An Open Letter to “New” Writers

Dear Writer,

First? I’d like to congratulate you on your decision to become a writer. Being a writer has never been an easy thing for anyone to do, at any point in history. I’m not talking about technology, I’m talking about writers like the Marquis de Sade or Edgar Allen Poe or even Beatrix Potter. Journalists like Margaret Fuller, Alice Dunnigan, Carl Bernstein and Bob Woodward have challenged the way we think about our world through their reporting. From comic book writers to biographers and everyone in between, the list of writers who’ve influenced our social consciousness goes on and on.

WalkwayBut I’m not writing this letter to talk to you about why writing is “difficult” or why it’s “important.” No, I’m putting these words together for an entirely different reason. You see, the path you take to becoming a successful writer really has three trails that intersect with one another. The first trail is the one that led you to your decision to write — whether that be “just” a short story or a blog post, that’s what started you on the path.

The second trail is very hard to see and is, at times, invisible. It’s the journey that you have to take with your dreams. It’s an ever-shifting mist of visions that you’ll be on the New York Times bestsellers list or ending up on Oprah. This mist-filled trail always appears to be just out of reach, even though you try to grasp the shapes that seem to appear right out of thin air. Where can you find this second trail? Believe it or not, it hovers right above the third one.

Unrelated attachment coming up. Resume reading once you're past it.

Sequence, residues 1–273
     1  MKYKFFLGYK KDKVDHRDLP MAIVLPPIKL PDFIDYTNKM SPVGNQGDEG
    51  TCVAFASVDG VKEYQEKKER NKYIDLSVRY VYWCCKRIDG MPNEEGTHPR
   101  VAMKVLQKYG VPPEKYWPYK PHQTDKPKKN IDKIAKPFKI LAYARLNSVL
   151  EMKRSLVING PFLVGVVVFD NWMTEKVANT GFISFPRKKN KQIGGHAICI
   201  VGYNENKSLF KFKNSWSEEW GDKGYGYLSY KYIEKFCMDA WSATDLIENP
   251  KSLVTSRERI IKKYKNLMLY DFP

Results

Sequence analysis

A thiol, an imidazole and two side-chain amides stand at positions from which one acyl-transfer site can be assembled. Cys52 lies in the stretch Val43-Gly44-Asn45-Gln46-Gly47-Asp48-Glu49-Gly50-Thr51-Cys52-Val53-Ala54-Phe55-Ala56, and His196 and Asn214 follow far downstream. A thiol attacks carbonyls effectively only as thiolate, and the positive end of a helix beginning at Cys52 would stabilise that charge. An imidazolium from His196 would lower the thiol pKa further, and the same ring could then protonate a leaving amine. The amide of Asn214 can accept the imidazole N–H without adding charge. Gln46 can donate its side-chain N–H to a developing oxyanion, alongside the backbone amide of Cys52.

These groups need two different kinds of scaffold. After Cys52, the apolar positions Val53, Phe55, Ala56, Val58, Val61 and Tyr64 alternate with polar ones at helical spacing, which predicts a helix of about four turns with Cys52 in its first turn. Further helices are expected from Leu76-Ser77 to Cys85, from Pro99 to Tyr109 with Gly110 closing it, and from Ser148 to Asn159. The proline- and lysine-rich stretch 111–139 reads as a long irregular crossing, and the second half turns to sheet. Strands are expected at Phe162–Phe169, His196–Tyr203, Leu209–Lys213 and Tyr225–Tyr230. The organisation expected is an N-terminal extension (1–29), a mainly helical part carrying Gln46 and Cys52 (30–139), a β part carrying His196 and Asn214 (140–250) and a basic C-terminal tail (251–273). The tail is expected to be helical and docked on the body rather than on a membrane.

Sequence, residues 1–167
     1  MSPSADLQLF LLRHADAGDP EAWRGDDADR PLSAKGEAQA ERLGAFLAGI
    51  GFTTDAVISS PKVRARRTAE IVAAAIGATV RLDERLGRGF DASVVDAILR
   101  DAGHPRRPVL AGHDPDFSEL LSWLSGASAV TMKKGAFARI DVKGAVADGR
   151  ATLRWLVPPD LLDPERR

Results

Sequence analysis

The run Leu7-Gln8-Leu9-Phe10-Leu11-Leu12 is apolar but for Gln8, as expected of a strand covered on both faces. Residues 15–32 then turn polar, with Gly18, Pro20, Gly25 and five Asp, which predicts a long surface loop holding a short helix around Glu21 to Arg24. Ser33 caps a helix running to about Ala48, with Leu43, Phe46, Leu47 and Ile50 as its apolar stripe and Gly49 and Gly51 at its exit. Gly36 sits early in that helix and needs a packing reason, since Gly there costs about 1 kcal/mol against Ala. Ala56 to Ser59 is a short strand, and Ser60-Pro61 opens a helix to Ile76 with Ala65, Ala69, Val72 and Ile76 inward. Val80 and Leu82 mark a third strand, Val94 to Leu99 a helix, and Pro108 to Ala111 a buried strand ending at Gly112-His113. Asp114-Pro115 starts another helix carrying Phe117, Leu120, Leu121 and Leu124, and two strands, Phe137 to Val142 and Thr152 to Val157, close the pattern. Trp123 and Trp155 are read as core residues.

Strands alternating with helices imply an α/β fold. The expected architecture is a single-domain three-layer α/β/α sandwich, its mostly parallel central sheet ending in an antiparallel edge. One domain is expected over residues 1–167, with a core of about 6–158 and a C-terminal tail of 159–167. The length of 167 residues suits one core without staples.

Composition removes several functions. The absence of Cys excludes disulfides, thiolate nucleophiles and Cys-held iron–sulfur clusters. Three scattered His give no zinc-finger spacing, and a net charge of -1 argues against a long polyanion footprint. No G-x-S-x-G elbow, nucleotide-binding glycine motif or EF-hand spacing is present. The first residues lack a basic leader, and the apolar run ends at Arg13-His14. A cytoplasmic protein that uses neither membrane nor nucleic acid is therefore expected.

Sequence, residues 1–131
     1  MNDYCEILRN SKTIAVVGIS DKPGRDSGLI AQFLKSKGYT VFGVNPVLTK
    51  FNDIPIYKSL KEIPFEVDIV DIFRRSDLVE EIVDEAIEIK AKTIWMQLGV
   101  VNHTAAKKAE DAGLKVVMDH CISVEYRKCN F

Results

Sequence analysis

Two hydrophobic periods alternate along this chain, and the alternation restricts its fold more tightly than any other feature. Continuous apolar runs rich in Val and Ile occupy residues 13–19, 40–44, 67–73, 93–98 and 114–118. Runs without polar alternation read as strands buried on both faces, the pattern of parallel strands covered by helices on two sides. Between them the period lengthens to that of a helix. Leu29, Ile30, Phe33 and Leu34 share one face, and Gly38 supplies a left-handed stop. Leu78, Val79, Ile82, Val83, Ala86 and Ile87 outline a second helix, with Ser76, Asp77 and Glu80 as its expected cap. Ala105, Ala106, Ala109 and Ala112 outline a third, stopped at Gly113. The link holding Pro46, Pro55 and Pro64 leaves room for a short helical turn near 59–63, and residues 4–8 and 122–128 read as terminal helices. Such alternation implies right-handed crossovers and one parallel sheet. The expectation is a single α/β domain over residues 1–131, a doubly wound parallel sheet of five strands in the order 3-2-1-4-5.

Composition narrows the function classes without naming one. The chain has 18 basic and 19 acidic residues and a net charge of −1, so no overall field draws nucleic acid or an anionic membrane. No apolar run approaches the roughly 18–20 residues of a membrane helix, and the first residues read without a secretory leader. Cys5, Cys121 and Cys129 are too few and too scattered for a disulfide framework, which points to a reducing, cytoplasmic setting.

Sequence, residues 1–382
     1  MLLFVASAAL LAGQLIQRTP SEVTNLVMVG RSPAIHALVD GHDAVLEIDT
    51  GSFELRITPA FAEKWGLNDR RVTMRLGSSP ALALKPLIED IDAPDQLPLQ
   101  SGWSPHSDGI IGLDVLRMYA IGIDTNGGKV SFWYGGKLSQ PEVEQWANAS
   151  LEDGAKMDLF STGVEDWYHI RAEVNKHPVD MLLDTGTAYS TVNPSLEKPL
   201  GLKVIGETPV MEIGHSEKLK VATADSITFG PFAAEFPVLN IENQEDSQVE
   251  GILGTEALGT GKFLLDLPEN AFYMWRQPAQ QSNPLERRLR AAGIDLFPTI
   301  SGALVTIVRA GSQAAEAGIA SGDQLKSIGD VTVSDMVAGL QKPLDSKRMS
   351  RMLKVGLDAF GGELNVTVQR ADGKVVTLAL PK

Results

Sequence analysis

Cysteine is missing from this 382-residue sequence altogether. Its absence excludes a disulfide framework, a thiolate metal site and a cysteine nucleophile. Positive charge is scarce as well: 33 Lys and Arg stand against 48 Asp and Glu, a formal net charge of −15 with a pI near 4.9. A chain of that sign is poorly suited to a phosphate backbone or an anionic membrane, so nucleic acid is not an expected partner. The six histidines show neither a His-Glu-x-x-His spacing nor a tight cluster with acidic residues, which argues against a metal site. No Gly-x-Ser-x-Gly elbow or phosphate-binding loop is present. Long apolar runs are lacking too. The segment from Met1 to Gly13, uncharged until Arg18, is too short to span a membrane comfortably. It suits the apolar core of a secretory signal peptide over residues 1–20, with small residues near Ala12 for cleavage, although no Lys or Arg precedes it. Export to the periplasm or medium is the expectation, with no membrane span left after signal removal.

The third trail is your journey, the one that you take to achieve your goals as a writer. You must cross oceans, deserts, mountains and green valleys. Sometimes the trail is marked, and it’s really easy to jump over that next puddle. Sometimes you have to blaze your own path.

In all my years as a writer and as a presenter, there’s really one fundamental reason why “new” writers fail. They simply gave up. Why?

Let’s go back to that trails analogy. Remember the second one, where the mist is kind of a distraction? Your dreams are important, because they inspire you. Unfortunately, some new to the craft latch on to those dreams and try to follow them by talking about writing without actually doing it! They’ll talk about how great their novel is, but they haven’t written a word. Then, when an agent or a publisher hasn’t deemed them to be a great writer, they give up. In another example, I’ll often see writers who berate themselves because they are “new” by saying: “I’ll never write like…” or “I can’t make any money doing this…” No one said the path was going to be easy: there are a million and one reasons I can give you not to become a writer, but there are equally as many reasons why you should.

The secret to achieving your dreams has nothing to do with someone else coming down from a cloud in the sky, validating your work as a writer. The secret is not about being positive or having luck, and it certainly isn’t about having blinders on about “how great” you or your work is, either. In order to unlock your dreams, you simply need to be persistent and (at times) a little stubborn.

What does that mean? Well, part of that journey is up to you. I have to get to my own writing now, but I’ll share more about how to make your own luck later this week.